We show here that TET proteins are important for ensuring the fidelity of chromosome segregation in mESC, and that this effect is mediated through downregulation of Khdc3. Acute Cre-mediated deletion of Tet1, Tet2, and Tet3 genes results in rapid loss of TET proteins and undetectable levels of 5hmC in mESC by 4–6 days of the addition of 4-OHT to Tet Tfl mESC, and the Tet iTKO cells display marked mitotic abnormalities, chromosome mis-segregation and aneuploidy. This phenotype is at least partly due to the downregulation of Khdc3 (Filia, Ecat1), which encodes a KH domain-containing protein originally identified as an interaction partner of the maternal effect gene product NLRP5 (MATER), a core component of the subcortical maternal complex (SCMC)54. Expression of Khdc3 in Tet Tfl mESC prevented the rapid appearance of aneuploidy in Tet iTKO mESC after 4-OHT exposure, whereas expression of Khdc2 did not. As expected from the biochemical activities of TET proteins and their involvement in DNA demethylation, downregulation of Khdc2 and Khdc3 mRNA was accompanied by increased methylation of CpGs in and around the promoters and gene bodies of both Khdc2 and Khdc3 genes, supporting the well-known correlation (not necessarily a causal connection) between increased DNA methylation in the vicinity of genes and decreased gene expression68,69,70.

The copy number changes observed in TET-deficient cells are unlikely to be an artefactual consequence of double-strand DNA breaks introduced by Cre recombinase. First, we deliberately minimized the time period of Cre activation by removing 4-OHT on day 2.5, a strategy that terminates Cre recombinase activity in the nucleus by returning unliganded Cre-ERT2 to the cytoplasm, thus preventing further recombination among real or potential cryptic loxP sites in the genome. Second, re-expression of Khdc3 in Tet iTKO mESC—in the same 6.5-day time period as 4-OHT treatment, Cre activation and Tet gene deletion—prevented increased aneuploidy, suggesting that aneuploidies triggered only by Cre expression do not constitute a significant proportion of total aneuploidies in Tet iTKO mESC. Third, similar phenotypes of chromosome segregation abnormalities and aneuploidy have been reported previously in triple TET-deficient mESC, under conditions in which Tet gene deletion was not mediated by Cre41,75. Thus, Yang et al.75 observed chromosomal fusions and telomere shortening after stable retroviral shRNA-mediated depletion of Tet1 and Tet2 in mESC, while Kafer et al.41 observed increased frequencies of mitotic abnormalities in mESC in which all three Tet genes were disrupted using CRISPR/Cas9 technology. Since both RNAi and CRISPR/Cas9 strategies require prolonged periods of mESC culture to select for correctly silenced/ edited cells, we chose to focus on the consequences of acute deletion of Tet genes using Cre recombinase in mESC. Our data show clearly that the emergence of genomic instability—manifest as chromosome mis-segregation, copy number changes and aneuploidies—is an early and direct consequence of TET deficiency in mESC, caused in large part by the transcriptional downregulation of Khdc3 gene expression in TET-deficient cells. As expected from previous studies41,75, the aneuploid phenotype is maintained when single cells from acutely deleted Tet iTKO mESC populations are clonally expanded in long-term culture (> 80 cell divisions).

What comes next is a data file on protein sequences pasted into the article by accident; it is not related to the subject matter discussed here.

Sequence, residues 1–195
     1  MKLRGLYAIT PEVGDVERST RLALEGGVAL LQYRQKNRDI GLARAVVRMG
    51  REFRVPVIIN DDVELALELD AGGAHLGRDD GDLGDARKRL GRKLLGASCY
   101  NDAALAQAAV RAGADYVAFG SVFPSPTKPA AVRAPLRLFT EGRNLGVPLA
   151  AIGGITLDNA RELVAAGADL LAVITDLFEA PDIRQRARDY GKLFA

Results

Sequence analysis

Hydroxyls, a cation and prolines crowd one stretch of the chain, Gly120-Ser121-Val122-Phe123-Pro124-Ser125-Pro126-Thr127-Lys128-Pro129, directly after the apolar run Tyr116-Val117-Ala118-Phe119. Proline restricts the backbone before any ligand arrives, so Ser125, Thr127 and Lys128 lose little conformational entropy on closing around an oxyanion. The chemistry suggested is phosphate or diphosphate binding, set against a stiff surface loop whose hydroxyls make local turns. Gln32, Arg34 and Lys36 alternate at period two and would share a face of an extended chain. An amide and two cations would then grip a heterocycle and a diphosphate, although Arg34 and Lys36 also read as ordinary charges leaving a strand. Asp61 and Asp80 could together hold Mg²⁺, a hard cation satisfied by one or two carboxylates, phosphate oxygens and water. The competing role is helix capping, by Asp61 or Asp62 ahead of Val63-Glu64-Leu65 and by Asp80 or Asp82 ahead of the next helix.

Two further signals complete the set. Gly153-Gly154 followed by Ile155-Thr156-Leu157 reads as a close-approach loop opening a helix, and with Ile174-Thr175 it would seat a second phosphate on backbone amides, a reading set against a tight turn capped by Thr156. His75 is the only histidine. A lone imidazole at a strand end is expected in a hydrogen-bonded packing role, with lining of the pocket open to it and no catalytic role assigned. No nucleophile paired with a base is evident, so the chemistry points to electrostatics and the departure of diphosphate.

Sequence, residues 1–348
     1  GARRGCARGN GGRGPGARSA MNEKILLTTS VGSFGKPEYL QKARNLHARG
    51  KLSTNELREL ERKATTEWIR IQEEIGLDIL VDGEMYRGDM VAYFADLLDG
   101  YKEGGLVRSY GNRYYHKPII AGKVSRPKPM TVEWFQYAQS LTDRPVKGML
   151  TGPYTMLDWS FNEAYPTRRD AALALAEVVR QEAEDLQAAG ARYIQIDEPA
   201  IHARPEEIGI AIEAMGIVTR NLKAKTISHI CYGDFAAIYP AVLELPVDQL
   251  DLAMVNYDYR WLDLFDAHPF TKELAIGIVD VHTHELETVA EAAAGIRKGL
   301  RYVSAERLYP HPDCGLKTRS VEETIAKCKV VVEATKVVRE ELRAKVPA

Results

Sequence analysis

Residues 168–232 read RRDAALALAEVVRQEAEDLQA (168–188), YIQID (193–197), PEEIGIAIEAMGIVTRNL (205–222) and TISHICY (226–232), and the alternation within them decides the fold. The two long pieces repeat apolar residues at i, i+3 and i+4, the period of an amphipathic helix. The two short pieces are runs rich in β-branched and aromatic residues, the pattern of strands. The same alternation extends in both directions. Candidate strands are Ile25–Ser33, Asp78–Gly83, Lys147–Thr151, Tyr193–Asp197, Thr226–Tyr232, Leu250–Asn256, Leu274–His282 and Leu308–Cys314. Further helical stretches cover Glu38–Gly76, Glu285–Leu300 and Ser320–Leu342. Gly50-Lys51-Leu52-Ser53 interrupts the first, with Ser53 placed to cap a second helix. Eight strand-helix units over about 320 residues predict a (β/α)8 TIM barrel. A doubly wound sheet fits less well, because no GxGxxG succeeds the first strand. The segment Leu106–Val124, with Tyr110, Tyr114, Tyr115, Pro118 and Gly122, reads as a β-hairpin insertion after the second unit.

There are well-known selective pressures that oppose the development of aneuploidy in most normal cell types; in fact, the large majority of chromosome gains and losses are known to impair cell fitness (reviewed in refs. 47, 76). We assume, therefore, that the increased aneuploidy that we observe at a single-cell level (by metaphase spreads) in both acute and long-term Tet iTKO mESC cultured in 2i media involve chromosomes whose gains or losses do not seriously hamper mESC proliferation and/or survival, explaining the relative stability of the aneuploid phenotype following Tet gene deletion. In this context, we note that random chromosome gains and losses are observed early in cancer development, because selective pressures have not yet come into play; at later stages, specific chromosomal gains and losses may be recurrently observed, presumably because they confer increased fitness by promoting survival and/or expansion of individual clones45,46 [reviewed in ref. 47].

Among the down-regulated genes encoding regulators of mitosis, chromosome segregation, spindle assembly, DNA replication or DNA repair, Khdc3 expression was the most strikingly decreased in Tet iTKO compared to Ctrl mESC. KHDC3 (FILIA, ECAT1) is a peripheral component of the subcortical maternal complex (SCMC), a multiprotein complex that is present exclusively in mouse oocytes, zygotes and pre-implantation embryos52,53,54,55,56. The core components of the SCMC – MATER (NLRP5), KHDC2 (OOEP, FLOPED) and TLE653 – are required for embryos to progress beyond the 2-cell stage52,53. Embryos of female mice deficient in either Mater/Nlrp5 or Khdc2 showed a complete block of zygotic development at the two-cell stage;52,53; in contrast, the phenotype of KHDC3-deficient mouse embryos was much less catastrophic, with a marked delay in early embryo development but not a complete arrest55. Female KHDC3-deficient mice showed reduced fertility with smaller litters;55 similarly, immature human oocytes injected with siRNAs against Khdc3/Ecat1 showed reduced maturation, decreased fertilization in response to intracytoplasmic sperm injection, and decreased progression to the two-cell stage in vitro77. A notable early observation was that cells from KHDC3-deficient mouse embryos frequently displayed micronuclei as well as high rates of aneuploidy compared with normal controls55, a result we have confirmed here. Moreover, Khdc3-null mESC showed increased DNA damage measured by the number of γH2AX-positive foci, as well as delayed kinetics of DNA damage repair74. We show a similar phenotype of variable blastomere numbers and abnormal nuclear morphology in triple TET-deficient embryos at the 8-cell stage. Given the well-known association of chromosome mis-segregation with DNA damage78,79, decreased expression of Khdc3 may contribute substantially to the increased DNA damage observed in TET-deficient embryos and mESC.